Traffic backs up on Interstate 70 near Silvethorne on Jan. 7, 2018. It is a familiar scene on the main highway connecting Denver to the mountains. (AP Photo/Thomas Peipert, File)

As of December 2020, Colorado had the fourth-highest unemployment level in the nation, with only Hawaii, Nevada and California having a worse rate. This is a far cry from early in 2020 when the state had one of the lowest unemployment rates in the country.  

Clearly COVID-19 has been the main culprit, but our economy will not magically come back even after that crisis ebbs.  Many businesses have closed and won’t reopen while others have restructured and downsized their staffing.  

On top of this, working from home will continue for many after COVID ends, which will affect many businesses in downtown areas that have depended on commuters for much of their business during workdays.  

Walt Sanders

The challenge facing Gov. Jared Polis and the legislature is how they can jump-start our state’s economy and help it recover as quickly as possible, so we don’t lose key workers and businesses to other states. 

The General Assembly has already indicated that economic recovery from the damage caused by COVID will be at the top of its priority list.  In crafting an economic recovery plan, the legislature must ensure that such a plan serves and benefits all areas of the state. 

While there is no magic wand that can be waved over the state, there are some tried-and-true measures that can make a difference and help our state recover sooner.  

Traditionally, one of the best and fastest ways to bounce back from recessions or even the Great Depression in the 1930s has been investing in the transportation infrastructure.  Such a program creates good-paying, skilled jobs and has a multiplier effect that ripples through the entire economy increasing business activity and adding jobs that support this effort.  

The jobs and skills acquired during these programs go beyond the projects and work under such a program.  They translate into careers for individuals that not only provide them with good-paying positions but also go a long way to address the critical shortfall anticipated for these positions in the future.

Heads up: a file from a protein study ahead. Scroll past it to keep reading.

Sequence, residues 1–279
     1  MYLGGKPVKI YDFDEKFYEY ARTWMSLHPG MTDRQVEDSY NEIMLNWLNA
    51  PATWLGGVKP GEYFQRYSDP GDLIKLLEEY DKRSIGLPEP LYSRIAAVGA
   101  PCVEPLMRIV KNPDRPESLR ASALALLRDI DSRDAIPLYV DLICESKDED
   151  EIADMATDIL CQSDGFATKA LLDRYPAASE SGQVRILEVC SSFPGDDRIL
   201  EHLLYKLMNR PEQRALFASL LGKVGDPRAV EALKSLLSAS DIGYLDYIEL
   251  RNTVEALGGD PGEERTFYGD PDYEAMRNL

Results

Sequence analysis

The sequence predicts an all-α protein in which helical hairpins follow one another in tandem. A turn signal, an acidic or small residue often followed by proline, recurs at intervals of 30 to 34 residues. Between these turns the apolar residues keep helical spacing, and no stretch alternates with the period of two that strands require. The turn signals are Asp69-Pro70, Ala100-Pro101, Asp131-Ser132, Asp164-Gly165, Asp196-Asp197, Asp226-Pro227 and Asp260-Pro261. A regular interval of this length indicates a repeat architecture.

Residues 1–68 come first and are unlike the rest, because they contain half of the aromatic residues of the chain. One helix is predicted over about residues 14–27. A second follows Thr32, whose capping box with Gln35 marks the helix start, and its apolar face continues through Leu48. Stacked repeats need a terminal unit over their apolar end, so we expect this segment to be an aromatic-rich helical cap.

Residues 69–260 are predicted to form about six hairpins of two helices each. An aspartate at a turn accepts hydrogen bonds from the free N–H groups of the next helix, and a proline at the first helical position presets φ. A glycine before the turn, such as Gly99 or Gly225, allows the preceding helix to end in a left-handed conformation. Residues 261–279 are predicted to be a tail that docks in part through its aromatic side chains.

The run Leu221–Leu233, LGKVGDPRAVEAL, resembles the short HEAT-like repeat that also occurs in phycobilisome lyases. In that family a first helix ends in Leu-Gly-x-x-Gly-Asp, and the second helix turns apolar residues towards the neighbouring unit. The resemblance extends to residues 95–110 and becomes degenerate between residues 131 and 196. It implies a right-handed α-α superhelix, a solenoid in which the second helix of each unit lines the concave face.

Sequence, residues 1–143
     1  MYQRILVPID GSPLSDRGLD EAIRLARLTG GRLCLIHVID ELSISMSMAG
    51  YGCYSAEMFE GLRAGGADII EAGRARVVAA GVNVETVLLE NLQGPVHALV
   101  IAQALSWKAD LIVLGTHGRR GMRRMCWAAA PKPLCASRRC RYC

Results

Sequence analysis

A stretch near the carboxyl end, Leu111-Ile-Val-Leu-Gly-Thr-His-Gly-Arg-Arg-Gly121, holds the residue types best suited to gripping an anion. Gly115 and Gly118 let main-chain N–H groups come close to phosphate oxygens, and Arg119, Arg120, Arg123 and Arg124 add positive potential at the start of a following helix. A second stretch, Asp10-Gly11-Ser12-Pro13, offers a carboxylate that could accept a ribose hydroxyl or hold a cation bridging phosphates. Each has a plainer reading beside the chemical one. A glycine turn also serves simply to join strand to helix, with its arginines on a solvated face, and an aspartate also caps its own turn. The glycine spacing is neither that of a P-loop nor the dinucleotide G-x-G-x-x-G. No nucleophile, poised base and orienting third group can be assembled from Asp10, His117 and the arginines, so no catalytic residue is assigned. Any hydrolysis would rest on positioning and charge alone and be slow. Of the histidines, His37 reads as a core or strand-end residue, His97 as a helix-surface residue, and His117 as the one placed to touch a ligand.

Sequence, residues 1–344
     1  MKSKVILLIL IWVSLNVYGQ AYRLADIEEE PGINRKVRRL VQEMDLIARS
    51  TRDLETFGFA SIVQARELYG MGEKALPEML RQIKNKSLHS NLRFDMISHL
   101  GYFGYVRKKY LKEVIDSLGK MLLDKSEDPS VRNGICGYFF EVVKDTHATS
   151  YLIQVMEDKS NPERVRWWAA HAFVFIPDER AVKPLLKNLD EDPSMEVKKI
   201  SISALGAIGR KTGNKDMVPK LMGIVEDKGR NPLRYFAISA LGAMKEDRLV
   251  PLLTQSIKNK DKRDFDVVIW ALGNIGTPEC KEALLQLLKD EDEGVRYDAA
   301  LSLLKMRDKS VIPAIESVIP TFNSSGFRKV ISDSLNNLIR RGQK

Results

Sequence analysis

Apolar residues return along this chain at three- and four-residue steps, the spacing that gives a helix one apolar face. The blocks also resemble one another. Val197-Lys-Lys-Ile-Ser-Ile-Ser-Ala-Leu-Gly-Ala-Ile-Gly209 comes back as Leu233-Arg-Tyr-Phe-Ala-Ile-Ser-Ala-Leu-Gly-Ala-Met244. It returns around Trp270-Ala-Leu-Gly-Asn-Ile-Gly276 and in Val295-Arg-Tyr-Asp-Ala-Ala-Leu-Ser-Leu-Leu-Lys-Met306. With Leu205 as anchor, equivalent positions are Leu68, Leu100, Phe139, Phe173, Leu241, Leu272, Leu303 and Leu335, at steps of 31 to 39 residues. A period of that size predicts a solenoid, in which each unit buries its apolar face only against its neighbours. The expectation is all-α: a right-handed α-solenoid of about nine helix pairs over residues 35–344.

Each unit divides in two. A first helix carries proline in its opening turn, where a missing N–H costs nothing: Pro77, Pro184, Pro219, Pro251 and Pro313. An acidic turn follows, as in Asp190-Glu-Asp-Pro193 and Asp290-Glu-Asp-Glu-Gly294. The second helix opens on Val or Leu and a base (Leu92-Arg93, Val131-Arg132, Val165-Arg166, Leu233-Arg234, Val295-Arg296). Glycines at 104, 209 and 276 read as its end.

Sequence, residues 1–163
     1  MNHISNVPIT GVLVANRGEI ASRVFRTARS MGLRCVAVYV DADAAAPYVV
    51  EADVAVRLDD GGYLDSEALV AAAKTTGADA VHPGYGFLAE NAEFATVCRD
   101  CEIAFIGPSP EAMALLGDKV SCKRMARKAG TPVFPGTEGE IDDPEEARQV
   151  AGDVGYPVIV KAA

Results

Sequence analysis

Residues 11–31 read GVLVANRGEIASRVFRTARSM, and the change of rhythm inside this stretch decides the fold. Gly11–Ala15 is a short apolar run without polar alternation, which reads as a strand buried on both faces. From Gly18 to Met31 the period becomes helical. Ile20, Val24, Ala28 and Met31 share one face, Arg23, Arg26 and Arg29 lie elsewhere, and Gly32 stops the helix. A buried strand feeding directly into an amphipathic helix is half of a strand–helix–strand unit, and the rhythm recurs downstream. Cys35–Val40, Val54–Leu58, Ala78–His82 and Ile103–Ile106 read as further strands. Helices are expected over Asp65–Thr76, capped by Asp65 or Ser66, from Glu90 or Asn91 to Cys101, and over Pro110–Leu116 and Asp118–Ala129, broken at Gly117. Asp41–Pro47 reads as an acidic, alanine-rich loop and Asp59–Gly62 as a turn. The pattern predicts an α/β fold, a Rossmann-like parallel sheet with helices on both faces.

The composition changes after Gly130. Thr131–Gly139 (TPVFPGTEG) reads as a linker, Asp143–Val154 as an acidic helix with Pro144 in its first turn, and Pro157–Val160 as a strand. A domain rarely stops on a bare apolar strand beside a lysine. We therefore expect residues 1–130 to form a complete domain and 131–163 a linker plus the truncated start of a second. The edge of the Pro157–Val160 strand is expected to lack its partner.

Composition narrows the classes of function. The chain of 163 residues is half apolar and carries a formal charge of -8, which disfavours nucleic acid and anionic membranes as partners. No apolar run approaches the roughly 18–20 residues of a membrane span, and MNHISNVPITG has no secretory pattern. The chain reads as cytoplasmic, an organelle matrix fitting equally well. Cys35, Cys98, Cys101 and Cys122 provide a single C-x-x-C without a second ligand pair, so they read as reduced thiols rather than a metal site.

READ: Colorado Sun opinion columnists.

The beauty of investing in a state transportation infrastructure program such as the Colorado Department of Transportation’s 10-Year Plan is that it generates economic opportunity throughout the state rather than in only limited areas. 

The 10-Year Plan includes state highway and bridge projects that have been long overdue for maintenance or improvement that span the state and would create jobs in every region.  

Further, these improvements to the infrastructure have the added benefit of enhancing the competitiveness of businesses in those areas through greater access and reduced travel time and costs. The average citizen benefits from these improvements because they spend less time in traffic and spend less of their hard-earned dollars on vehicle operating and repair costs. 

Because of our state’s inability to adequately maintain our roadways and bridges due to a lack of funding, car owners pay a “hidden tax” associated with higher maintenance and repair costs averaging $651 per year. 

In the 2021 session of the General Assembly, both the governor and leaders of both parties have spoken of the need for additional transportation funding to address our current and future needs. While some may question whether the state should embark on such an effort at this time when state revenues are down, the consequences and costs of not doing so are much greater.   

Another year during which the state legislature fails to act will leave Colorado further behind in competing for business and jobs, while states like Utah, which has made a commitment to its transportation system, race further ahead.  Further, history has shown that infrastructure investment is a tried-and-true strategy that has allowed state and national economies to recover in a shorter timeframe.  

For those individuals out of work and our businesses across the state that are struggling to survive, a substantial commitment to our infrastructure would represent a desperately-needed lifeline and send a message that Colorado won’t be left behind in competing for jobs and business.  

Walt Sanders is the president of RMT Companies, a Colorado-based transload and trucking company. He is also the vice chairman of the Colorado Motor Carriers Association, who represent over 650 companies involved in the state’s trucking industry. 

The Colorado Sun is a nonpartisan news organization, and the opinions of columnists and editorial writers do not reflect the opinions of the newsroom. Read our ethics policy for more on The Sun’s opinion policy and submit columns, suggested writers and more to (Learn more about how to submit a column.)

Read more opinion. Follow Colorado Sun Opinion on Twitter, Instagram and Facebook.

Special to The Colorado Sun